Wednesday Open Thread [11.28.12]

Filed in Open Thread by on November 28, 2012

A new Quinnipiac poll in New Jersey finds voters overwhelmingly favor Gov. Chris Christie (R) for re-election, 67% to 25%. 95% of voters think Gov. Chris Christie (R) did an “excellent” or “good” job responding to Hurricane Sandy, and Christie now holds a sky high 72% to 21% approval rating. The strongest possible Democratic challenger, Newark Mayor Cory Booker (D), trails Christie by 18 points, 53% to 35%. I bet you that Booker abstains from the 2013 Gubernatorial race and runs to replace Frank Lautenberg in 2014 in the Senate. Christie is frankly unbeatable in New Jersey right now. Hell, even I think he deserves a second term. There is no reason for Booker to be the sacrificial lamb.

In the other 2013 race, Virginia Lt. Gov. Bill Bolling (R) is going to drop out of the race, leaving only far right radical Ken Cuccinelli (R) in the Republican Primary. Senator Mark Warner (D) has also demurred, so that leaves only former DNC Chairman Terry McAuliffe on the Dem side. I gotta say, if I lived in Virginia, I would hate these choices. One is crazy, the other is slimy. Virginia needs to rethink its “one term only” rule.

Meanwhile, this painting was painted in the 1990’s, so it doesn’t include Obama, but I always thought it was pretty awesome:

The picture includes all of the Democratic Presidents of the 20th Century, plus the President Andrew Jackson, who is considered the populist founder of the modern Democratic Party. I guess Presidents Van Buren, Polk, Pierce, Buchanan, and Cleveland were not good enough to get in the painting.

Happy 10 year Anniversary to the Delaware indoor smoking ban!!

The best thing RAM ever did.

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  1. jason330 says:

    I’ve seen a version in Rehoboth that includes BHO.

  2. bamboozer says:

    Love the painting. But hey, give Christie a chance. He’s got plenty more obnoxious and arrogant left to go.

  3. puck says:

    In the year after the smoking ban, we went to more restaurants than we did in the previous five years.

  4. socialistic ben says:

    Yay Jackson, Yay Genocide! I’d like to swap him for TR… who was probably the most porgressive president we’ve ever had.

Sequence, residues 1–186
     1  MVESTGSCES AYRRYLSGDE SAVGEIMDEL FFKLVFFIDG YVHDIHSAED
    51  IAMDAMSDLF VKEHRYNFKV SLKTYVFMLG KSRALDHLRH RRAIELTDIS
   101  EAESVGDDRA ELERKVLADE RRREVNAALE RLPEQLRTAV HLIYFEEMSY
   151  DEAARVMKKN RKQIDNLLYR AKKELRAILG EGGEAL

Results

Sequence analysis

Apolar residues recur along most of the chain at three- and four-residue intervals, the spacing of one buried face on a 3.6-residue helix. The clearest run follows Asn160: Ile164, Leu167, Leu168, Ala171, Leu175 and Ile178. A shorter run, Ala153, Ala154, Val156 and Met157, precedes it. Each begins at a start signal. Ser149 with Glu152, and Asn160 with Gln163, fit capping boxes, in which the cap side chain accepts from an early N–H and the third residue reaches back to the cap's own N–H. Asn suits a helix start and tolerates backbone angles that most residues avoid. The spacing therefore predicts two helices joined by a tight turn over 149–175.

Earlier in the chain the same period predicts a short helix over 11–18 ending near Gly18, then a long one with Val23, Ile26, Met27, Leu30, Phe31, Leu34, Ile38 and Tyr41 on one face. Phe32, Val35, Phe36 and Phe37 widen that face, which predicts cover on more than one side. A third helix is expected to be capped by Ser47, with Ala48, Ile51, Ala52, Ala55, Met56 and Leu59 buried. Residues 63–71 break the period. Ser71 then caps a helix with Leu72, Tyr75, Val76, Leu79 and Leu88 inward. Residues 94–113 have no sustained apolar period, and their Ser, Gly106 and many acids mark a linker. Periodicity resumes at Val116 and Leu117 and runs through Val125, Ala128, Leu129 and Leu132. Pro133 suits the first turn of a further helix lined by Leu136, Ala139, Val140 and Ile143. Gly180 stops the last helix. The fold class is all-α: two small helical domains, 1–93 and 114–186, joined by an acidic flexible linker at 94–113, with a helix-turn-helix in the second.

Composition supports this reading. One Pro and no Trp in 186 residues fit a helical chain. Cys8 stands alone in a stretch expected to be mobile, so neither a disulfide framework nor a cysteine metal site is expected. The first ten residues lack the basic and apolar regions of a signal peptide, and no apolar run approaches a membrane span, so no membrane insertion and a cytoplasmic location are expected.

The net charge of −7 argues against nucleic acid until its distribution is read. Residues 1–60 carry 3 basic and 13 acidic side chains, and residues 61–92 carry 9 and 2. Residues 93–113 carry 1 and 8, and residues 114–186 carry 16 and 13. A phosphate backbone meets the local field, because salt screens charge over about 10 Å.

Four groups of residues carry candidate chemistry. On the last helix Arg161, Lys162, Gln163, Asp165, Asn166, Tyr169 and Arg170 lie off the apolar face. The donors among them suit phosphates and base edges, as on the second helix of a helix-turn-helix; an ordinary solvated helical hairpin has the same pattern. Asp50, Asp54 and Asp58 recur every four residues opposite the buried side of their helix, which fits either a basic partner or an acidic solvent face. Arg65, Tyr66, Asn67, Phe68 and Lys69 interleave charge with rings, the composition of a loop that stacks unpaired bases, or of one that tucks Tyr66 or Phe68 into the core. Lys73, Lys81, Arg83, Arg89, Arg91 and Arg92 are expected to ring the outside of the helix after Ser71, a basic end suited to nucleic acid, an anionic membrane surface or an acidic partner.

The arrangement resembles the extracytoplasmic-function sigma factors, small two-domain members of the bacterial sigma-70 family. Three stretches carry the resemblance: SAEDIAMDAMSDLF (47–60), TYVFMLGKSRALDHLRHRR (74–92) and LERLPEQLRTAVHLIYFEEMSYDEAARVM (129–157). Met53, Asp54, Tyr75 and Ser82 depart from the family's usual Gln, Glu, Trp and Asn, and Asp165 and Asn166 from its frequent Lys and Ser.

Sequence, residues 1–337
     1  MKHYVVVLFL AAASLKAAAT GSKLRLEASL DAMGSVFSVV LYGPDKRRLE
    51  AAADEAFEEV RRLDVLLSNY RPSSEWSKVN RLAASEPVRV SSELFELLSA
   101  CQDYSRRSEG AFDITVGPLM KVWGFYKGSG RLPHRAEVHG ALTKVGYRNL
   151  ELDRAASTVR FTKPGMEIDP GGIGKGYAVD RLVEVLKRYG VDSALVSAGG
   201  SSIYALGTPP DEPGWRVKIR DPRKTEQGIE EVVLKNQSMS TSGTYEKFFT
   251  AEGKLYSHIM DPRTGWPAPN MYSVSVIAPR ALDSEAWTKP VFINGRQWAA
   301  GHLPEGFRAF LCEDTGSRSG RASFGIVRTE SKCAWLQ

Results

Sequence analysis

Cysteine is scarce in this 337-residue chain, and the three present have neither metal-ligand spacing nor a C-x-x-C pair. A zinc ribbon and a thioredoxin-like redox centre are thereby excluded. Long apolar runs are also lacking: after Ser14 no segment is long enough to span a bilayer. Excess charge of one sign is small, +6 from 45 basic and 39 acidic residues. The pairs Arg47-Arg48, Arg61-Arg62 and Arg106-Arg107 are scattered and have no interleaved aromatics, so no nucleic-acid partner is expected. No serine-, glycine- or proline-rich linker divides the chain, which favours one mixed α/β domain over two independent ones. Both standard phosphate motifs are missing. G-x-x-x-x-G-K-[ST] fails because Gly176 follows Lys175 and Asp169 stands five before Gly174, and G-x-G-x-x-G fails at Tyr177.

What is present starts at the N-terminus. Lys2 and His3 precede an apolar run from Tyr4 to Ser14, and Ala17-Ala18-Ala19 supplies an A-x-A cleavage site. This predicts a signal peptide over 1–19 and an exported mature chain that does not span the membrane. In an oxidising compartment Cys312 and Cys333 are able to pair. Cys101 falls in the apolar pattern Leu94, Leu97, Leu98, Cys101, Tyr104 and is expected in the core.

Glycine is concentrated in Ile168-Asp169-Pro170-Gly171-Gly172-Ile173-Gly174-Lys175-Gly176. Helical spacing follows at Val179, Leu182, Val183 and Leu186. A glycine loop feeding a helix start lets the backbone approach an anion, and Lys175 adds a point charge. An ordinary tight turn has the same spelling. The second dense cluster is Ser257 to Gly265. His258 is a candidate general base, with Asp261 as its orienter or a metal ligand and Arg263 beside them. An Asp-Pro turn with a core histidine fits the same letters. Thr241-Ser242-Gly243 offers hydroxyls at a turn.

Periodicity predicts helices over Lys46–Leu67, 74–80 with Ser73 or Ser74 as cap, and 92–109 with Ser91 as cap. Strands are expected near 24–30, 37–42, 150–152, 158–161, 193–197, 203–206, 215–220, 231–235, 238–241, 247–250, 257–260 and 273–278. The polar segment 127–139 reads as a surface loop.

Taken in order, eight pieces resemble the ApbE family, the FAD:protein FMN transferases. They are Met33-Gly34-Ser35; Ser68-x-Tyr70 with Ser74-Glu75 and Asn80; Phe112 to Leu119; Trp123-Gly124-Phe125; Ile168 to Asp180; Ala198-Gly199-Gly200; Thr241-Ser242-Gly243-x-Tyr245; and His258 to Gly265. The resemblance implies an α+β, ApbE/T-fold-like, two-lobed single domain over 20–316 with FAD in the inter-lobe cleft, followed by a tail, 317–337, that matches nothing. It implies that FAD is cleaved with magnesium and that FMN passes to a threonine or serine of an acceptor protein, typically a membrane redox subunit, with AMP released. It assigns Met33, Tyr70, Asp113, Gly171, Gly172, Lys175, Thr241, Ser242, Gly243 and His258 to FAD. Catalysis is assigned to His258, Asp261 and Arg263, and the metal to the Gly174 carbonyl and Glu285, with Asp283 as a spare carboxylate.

5. V says:

    I’ve seen it too! Not going to lie, I sort of want it.

  6. Another Mike says:

    In an underwhelming and fairly corrupt tenure, this is one thing RAM got right. (That and the SEED program, which has been a blessing for many families.) She should still be in jail.

  7. cassandra_m says:

    The biggest problem for Booker is that I think he really loves governing hands-on. That goes away quite utterly in the Senate and it becomes tougher to maintain that high profile of his. And I think he is genuinely good at governing — Newark has made alot of changes to the better and he has been a great role model there.

  8. puck says:

    I’m beginning to despise the word “comprehensive.”

    comprehensive health care reform
    comprehensive immigration reform

    and now, comprehensive tax reform:

    Plouffe added that while the White House wants to engage in comprehensive tax reform, they know they must also “carefully” address the “chief drivers of our deficit”: Medicare and Medicaid.

    I’m starting to think comprehensive means “Add a big steaming shovelful of Republican.”

  9. Geezer says:

    Anyone who thought Tom Gordon learned from his mistakes will have to explain the appointment of Elmer Setting as “acting” police chief. He’s “acting” chief because he’s only halfway to the college degree that’s supposed to be a basic qualification for the job.

    Setting is also neck-deep in the Gordonberry mess, specifically the Lisa Dean Moseley part.

  10. kavips says:

    Gosh Geez… that is so long ago I need a refresher. I think others might too… I wish I could remember back that long ago….

    Didn’t that occur during the Middle Earth time frame?

    Joking aside, a refresher might be worthwhile from someone who remembers and has no axe to grind (or hide)…

  11. Geezer says: